Sgt. Mike Wicentowich, of the Trail and Greater District RCMP, shows two information booklets on fraud prevention available to the public at the detachment.

Sgt. Mike Wicentowich, of the Trail and Greater District RCMP, shows two information booklets on fraud prevention available to the public at the detachment.

Trail RCMP: Protect yourself against fraud, scams

March is Fraud Prevention Month; informational resources available at Trail RCMP detachment

It it sounds too good to be true – or if the caller is suspiciously ominous – hang up.

Read more: Fruitvale senior warns of phone scam

Read more: IH warns of West Kootenay phone scam

Read more: Online rental scam happening in Trail

Readers often contact the Trail Times to give a heads up about scam calls they’ve received, which have ranged from supposed long-lost relatives calling from jail needing bail, to “you’ve won a free cruise,” to the caller claiming to be from the government, usually the Canada Revenue Agency (CRA).

Just last week a Trail senior was targeted, and afterwards she called to tell the newspaper about this disturbing call.

Her red flag was being asked to give out her SIN number over the phone, so she promptly hung up and reported the call to police.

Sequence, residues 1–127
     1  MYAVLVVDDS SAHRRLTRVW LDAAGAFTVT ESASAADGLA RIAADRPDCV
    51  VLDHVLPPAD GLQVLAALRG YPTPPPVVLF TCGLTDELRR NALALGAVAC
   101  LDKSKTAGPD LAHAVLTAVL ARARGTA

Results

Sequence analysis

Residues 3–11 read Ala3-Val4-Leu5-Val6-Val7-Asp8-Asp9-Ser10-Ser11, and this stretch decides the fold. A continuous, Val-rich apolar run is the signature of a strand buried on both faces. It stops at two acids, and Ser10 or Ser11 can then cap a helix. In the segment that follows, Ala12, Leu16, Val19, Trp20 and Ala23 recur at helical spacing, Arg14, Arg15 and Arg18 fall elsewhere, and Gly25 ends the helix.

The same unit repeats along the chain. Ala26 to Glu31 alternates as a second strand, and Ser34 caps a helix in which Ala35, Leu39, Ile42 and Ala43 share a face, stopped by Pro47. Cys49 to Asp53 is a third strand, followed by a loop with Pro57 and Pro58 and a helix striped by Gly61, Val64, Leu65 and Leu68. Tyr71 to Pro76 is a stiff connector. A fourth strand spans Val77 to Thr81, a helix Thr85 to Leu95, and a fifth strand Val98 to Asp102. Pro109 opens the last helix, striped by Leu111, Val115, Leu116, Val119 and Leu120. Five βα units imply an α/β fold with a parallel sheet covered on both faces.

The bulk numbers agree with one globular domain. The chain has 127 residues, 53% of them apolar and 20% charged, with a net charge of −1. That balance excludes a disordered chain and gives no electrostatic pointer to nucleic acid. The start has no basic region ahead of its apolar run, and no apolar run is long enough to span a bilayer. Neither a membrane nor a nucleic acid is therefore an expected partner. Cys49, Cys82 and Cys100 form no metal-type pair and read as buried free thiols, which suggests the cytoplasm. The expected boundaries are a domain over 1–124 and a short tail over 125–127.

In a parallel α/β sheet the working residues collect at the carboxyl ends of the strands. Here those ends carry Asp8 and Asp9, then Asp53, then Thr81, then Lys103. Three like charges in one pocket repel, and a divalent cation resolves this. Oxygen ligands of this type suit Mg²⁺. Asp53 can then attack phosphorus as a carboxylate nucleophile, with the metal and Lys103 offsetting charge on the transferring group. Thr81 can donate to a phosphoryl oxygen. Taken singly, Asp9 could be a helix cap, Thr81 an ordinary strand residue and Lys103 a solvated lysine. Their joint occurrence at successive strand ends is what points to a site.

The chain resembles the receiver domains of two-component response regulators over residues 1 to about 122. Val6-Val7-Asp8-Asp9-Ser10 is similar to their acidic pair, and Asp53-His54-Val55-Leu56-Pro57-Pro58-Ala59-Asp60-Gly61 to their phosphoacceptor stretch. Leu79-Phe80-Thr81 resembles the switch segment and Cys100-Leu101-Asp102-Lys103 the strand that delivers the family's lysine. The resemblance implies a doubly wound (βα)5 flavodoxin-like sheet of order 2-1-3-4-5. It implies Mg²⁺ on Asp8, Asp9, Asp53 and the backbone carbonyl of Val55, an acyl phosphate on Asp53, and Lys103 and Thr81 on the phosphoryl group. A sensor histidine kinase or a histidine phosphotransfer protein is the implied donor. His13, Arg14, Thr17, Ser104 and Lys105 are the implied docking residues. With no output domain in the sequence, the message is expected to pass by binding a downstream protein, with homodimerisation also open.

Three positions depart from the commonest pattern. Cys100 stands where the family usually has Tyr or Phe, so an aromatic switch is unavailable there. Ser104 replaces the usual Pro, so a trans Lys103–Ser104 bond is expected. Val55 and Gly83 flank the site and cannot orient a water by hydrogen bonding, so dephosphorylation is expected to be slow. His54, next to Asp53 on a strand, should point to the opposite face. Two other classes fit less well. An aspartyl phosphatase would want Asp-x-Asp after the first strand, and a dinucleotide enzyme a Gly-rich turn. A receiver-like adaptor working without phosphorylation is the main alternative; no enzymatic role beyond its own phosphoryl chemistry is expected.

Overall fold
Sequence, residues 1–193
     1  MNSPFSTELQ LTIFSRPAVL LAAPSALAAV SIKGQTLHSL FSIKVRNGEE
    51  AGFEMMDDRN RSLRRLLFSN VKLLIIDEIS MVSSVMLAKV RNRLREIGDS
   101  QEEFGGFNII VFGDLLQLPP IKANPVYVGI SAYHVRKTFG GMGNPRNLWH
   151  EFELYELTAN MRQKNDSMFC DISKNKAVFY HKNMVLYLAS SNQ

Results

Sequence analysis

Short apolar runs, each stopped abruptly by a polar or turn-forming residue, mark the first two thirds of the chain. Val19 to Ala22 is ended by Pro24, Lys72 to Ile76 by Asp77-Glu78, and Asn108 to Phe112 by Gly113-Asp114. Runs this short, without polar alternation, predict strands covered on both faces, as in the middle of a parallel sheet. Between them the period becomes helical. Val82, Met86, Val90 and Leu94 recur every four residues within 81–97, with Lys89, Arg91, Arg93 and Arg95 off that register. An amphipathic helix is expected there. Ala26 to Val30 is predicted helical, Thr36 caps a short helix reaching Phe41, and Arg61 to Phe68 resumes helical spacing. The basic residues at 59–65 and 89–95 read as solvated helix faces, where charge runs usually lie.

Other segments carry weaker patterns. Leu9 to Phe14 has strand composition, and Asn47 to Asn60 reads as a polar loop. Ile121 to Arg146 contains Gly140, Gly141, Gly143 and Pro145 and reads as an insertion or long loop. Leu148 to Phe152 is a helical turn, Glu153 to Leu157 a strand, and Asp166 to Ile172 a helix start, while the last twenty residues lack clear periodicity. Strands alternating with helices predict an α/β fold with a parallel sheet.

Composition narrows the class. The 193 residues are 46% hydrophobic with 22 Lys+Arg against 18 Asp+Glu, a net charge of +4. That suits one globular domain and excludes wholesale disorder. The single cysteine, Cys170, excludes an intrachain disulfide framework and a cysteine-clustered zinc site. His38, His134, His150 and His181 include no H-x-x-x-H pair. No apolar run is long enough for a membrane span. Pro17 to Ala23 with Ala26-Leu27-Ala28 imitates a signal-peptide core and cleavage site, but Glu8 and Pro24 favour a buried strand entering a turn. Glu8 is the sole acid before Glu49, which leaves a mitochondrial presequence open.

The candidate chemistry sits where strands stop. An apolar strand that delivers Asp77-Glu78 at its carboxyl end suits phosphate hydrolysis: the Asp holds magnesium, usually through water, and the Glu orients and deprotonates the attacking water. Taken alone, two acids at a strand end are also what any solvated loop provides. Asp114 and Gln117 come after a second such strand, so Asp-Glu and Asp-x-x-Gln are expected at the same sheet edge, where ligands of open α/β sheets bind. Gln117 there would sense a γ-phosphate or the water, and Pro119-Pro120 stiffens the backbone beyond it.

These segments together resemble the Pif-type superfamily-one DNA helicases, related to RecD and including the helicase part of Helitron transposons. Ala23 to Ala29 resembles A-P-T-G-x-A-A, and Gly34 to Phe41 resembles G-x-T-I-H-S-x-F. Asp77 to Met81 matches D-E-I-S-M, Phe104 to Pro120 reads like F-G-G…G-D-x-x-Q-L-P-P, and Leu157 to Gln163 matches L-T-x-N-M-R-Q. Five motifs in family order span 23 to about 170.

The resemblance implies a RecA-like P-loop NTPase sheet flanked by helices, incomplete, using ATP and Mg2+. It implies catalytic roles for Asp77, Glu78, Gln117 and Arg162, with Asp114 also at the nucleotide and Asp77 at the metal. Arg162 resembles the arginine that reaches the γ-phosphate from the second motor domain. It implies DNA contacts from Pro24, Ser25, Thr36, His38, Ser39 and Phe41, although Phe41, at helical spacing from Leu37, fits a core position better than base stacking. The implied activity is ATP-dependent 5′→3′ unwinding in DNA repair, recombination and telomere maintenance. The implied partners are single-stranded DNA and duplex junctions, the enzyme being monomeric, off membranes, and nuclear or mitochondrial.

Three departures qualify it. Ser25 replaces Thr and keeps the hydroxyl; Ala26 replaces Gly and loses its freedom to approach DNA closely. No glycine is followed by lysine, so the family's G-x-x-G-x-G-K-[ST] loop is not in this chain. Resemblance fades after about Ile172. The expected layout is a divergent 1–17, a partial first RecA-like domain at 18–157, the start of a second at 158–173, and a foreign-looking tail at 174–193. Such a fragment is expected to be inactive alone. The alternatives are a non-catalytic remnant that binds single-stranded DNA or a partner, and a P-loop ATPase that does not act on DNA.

The truth is, no matter the month or season, the Trail RCMP regularly fields these types of reports from locals.

“Frauds and scams continuously evolve in their content and complexity,” Sgt. Mike Wicentowich told the Trail Times. “Canadians are constantly subjected to frauds and scams like people pretending to be CRA and requesting personal information and money from those citizens. This time a year, people pretending to be CRA agents may increase as tax time approaches,” he added.

“(But) we receive about the same number of calls year round, and seniors have been noted to be particularly vulnerable to certain scams and frauds.”

The most important piece of advice from the RCMP is to never provide any personal information or banking details over the phone without verifying the legitimacy of who is on the other end. This advice pertains to any form of communication, including email, texting, and letters.

“And you cannot verify who is asking for the information without taking some steps to do so,” Wicentowich emphasized.

Most government agencies can be contacted through a secure phone number, a secure website, email, and in-person at local offices, he advised.

“If you are unsure about who you are speaking too, ask for the employee’s name and employee identification number, hang up, and verify the contact information,” Wicentowich continued. “Call that agency or company back to verify the employee’s information. Do not rely on any information provided by the person contacting you.”

The sergeant says members of the public can also call and speak to a police officer if they are unsure about who is calling them, and to ask for advice on how to proceed if they think they are a subject of a fraud or scam.

Additional resources on how to effectively deal with frauds and scams are available at Trail and Greater District RCMP office on Laburnum Drive.

“The Little Black Book of Scams” and “Fraud Awareness” can be picked up at the detachment’s front counter Monday to Friday during business hours, which are 8 a.m. to 4 p.m.



newsroom@trailtimes.ca

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